Split board Revolution
By Ryland Bell | December 1st, 2009
Today was my 16th Day snowboarding in a row. Three quarters of that has been at ski resorts. This is mostly because we are lacking in the snow department here in Tahoe. Man-made snow is almost the only option and the limited backcountry is boney with sharks’ teeth lurking. It is, however, still fun. Three days ago was my last outing to the only spot on the North shore holding pow with a base.
Jeremy and I hit it early and were the second car at the pullout. A strange storm had come out of nowhere the day before, passing by from West to East and then doubling back on us from the Northeast. It deposited about 3 inches at my house and about 10 inches up high, but as it cleared it brought a powerful East Wind. Sustained winds of 60 miles an hour greeted us on the ridge tops. The top 100 feet of every ridge was scoured to blue ice and at first glance our run was looking grim. We found a spot out of the insanity and started to change over our splitboards.
It was my first day out on my split of the season, but I had little trouble changing over. I was glad to have it on the way up, what had taken us an hour and a half by boot took only 45 minutes skinning. A group of 3 splitboarders came out of nowhere. They informed us they were from South Lake and had come in search of more snow, hopefully with a base underneath. Choosing the southwest slope for their run in hopes of scoring all the windblown had proven a bad idea. Unfortunately there is no base on the aspect the wind had just deposited a foot of cold snow on rocks and dirt. Their boards had taken the brunt of it and they were done for the day.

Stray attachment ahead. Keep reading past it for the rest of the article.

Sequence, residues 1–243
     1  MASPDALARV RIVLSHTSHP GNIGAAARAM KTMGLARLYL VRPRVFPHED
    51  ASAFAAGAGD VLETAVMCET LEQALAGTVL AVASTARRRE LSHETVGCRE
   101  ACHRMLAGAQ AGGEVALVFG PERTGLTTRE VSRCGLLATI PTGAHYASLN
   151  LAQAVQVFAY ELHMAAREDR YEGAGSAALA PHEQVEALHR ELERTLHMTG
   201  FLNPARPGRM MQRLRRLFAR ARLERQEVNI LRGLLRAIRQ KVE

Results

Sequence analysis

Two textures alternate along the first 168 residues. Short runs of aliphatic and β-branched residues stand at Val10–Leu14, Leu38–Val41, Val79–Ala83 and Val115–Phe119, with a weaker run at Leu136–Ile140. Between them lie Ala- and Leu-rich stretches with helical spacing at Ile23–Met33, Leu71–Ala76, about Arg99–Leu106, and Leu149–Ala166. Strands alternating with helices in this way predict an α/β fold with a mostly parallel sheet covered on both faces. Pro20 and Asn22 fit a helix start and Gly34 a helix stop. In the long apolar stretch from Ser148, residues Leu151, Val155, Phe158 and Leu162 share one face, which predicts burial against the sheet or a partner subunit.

Having ridden there before we had a good idea of where to find the goods. We tested out a new zone first run with bad results, and ended up riding the remnants of our old tracks, finding the best snow at lower elevation in the trees. A foot plus of A quality snow had been blown in by the wind, and with enough base under it we could build up some speed. I even got a face shot.
It was cool to see other snowboarders out getting it early season, and in fact out of the 6 people we ran into that day 4 were boarders. It must have been a trip for them to be out at some random peak searching for any little bit of snow, and running into Jeremy. I bet it stoked them up. They all seemed to know about, “DEEPER.”
I feel that a splitboard is very different than a normal snowboard, it’s actually a lot like a surfboard. You don’t have to rely on ski resorts, sleds, planes, and helicopters to get your turns. It is a pure form of riding. Of course it costs a bit more than a regular snowboard, but once you have it your set. And compared to a set of skis or a surfboard it’s cheap. The world is your oyster and what we are proving with, “DEEPER” is that you can ride anything. Jones and I talked about it for a while he was saying how he feels the whole experience of splitboarding creates a closer connection to the mountains. It’s true the fresh air, the views, and the little nuances of pitch and snow depth help connect you to where you are, and give you a better run in the end. There is a smooth satisfaction strapping in on top of a rad line when you’ve busted ass to get there.
This knowledge is spreading like wildfire, and people seem to be stoked on what we’re doing. Soon there may be a day when snowboarders outnumber skiers on Teton Pass. So let the revolution begin.
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